1. A performer enters humming a Bb at any octave, bearing a lit candle. They come to stand at centre stage.
2. Once their position is reached, the humming is changed to a whistle. This signals the next performer to enter, humming the next partial in the overtone series at any octave, then changing to a whistle. They would come to stand on the right of the first performer.
3. The third performer would enter at the second performer’s timbral shift, humming the next partial at any octave and coming to stand on the first performer’s left, and so on, each performer alternating which side to stand on and forming an open circle towards the audience, the performers slightly facing inwards at the edges. Once established in their respective places, the performers should alternate freely and independently between humming and whistling.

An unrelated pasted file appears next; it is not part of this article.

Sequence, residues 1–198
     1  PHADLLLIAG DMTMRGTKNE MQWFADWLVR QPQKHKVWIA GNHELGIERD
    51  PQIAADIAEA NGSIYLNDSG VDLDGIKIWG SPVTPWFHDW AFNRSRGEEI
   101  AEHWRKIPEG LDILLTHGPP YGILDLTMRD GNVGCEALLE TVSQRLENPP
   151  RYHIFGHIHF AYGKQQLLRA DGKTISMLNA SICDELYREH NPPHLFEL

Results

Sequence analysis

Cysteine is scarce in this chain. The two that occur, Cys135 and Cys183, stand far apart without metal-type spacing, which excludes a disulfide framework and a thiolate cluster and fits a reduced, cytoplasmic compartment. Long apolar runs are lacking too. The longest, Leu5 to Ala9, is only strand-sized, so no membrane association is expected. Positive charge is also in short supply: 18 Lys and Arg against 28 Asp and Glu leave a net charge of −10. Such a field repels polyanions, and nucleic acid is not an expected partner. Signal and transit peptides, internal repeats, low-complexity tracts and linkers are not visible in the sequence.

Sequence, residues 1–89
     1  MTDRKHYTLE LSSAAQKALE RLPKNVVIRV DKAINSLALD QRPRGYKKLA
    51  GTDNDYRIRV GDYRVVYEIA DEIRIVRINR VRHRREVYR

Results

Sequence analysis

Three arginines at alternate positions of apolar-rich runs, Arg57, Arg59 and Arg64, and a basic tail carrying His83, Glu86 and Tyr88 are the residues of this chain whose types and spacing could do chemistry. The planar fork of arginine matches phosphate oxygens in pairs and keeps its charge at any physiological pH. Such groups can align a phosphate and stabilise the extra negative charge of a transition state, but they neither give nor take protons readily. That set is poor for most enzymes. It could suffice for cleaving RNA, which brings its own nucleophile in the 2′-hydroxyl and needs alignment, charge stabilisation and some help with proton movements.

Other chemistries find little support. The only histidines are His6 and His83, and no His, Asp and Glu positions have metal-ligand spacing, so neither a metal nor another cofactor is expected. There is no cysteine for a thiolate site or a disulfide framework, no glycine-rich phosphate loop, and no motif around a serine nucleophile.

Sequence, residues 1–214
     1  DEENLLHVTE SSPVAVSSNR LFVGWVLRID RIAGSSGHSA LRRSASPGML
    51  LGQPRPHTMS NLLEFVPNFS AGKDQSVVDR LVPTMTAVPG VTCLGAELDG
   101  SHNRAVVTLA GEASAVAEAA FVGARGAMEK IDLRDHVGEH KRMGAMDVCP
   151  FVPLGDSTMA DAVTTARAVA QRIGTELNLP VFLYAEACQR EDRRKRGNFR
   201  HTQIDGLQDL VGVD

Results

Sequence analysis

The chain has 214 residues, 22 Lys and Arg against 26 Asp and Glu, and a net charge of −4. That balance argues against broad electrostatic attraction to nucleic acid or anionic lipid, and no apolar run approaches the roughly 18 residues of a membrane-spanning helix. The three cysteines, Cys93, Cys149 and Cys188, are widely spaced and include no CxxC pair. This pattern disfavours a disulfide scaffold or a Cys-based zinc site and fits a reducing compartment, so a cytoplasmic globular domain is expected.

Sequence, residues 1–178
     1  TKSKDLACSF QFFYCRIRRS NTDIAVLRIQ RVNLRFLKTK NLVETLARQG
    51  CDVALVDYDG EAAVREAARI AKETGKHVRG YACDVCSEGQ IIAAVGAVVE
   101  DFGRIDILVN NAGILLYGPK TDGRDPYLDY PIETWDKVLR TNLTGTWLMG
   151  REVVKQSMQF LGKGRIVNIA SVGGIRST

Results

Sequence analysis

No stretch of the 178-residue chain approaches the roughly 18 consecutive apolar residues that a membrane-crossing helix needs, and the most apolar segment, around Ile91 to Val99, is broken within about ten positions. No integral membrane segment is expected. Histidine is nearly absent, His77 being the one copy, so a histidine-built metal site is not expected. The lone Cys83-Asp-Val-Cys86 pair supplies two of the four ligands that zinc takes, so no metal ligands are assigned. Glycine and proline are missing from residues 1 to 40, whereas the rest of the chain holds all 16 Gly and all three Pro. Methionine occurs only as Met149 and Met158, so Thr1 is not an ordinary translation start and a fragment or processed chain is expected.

4. Once the first five performers are positioned onstage, each onstage performer from then on is also to alternate freely between octaves on their respective pitch classes.
5. The eighth performer is to enter singing, introducing this as an alternating timbre.
The piece is to last as long as the candle is lit (preferably burning out naturally, but blown or snuffed out if necessary). If the candle extinguishes unexpectedly the performers are to switch suddenly to a shhhh sound, gradually growing silent from the last to enter to the first to enter.
Otherwise, the first performer should signal (seeing the candle burning low, or on their own initiative) by taking up a shhh sound that is carried in a wave through neighbouring performers to both edges of the open circle while the more central performers resume their singing, humming and whistling. The performers switch to a shhh sound and gradually fall silent, beginning with the last to enter and working backwards until only the first performer hums a fixed Bb, then switches to a shhh (here the candle would be extinguished) before complete silence.
Use as many performers as necessary, between 8 and 12.
Each initial timbral shift or entry should take place after about 4 seconds, except the first performer, who should take their time to reach the centre of the stage.